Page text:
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U.S. begins to push Israel to give ground

After a week of failed efforts to rescue the Middle East peace process, the Clinton administration began Friday to take the politically painful step of leaning hard on Israel to make it happen.

A reluctance to pressure its ally has been at the heart of America's low profile since a Jewish extremist gunned down dozens of Palestinians in a mosque near Hebron Feb. 25.

But mounting Palestinian demands for international protection, together with the political weakness of Palestine Liberation Organization leader Yasser Arafat, have cracked that posture.

The administration moved Friday toward endorsing some form of security-oriented international presence in the occupied territories, which the PLO is demanding as a condition for returning to the peace table.

While publicly insisting this was up to the PLO and Israel to work out, the State Department did not contradict Arafat aide Nabil Shaath's claim that he had held a "positive discussion" with Secretary of State Warren Christopher and others about the plan.

Shaath was vague on how muscular the force would be. But he said, "We're not talking about historians and psychoanalysts; we're talking about security-oriented people."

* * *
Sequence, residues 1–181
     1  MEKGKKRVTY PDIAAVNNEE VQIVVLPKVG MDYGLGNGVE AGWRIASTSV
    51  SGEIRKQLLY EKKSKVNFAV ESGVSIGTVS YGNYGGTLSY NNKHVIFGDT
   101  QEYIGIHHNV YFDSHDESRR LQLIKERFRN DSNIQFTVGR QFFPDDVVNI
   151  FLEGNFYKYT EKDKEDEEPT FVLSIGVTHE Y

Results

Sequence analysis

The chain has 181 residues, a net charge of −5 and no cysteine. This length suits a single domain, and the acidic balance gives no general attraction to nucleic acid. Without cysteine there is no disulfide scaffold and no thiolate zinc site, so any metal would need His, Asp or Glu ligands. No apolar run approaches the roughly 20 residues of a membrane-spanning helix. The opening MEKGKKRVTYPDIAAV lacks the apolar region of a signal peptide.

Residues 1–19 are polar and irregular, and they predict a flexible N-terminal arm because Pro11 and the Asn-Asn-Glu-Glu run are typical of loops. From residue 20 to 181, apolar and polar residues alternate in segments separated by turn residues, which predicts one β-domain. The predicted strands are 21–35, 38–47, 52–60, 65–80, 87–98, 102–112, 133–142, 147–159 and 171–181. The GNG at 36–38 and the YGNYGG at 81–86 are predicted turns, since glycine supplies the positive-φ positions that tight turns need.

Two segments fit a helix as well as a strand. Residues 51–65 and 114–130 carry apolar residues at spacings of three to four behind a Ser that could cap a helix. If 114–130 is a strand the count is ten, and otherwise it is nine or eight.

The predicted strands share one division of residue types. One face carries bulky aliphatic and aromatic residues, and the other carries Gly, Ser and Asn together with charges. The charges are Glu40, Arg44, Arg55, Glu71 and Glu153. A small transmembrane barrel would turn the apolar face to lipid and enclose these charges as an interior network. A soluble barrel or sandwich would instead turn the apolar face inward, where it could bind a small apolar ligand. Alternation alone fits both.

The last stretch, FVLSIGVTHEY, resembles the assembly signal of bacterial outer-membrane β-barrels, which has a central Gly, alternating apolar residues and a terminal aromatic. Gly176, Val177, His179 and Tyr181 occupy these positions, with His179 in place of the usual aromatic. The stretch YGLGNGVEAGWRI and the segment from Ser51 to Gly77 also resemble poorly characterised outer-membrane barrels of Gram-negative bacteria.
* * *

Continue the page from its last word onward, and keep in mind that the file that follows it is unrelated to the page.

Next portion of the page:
President Clinton, asked about Shaath's comments, replied: "I'm encouraged in a way by what he said, but I wouldn't overstate it."

U.S. support for the dispatch of U.N. troops could touch off a bitter dispute between the United States and Israel. While not rejecting an international presence, the government of Israeli Prime Minister Yitzhak Rabin insists that it be composed of unarmed civilians.

Administration officials consider some international presence a necessary expedient to resuming the peace process. But they stress that the faster the accord outlining limited Palestinian autonomy in the territories is implemented, the sooner Palestinians will have their own police force to protect them.

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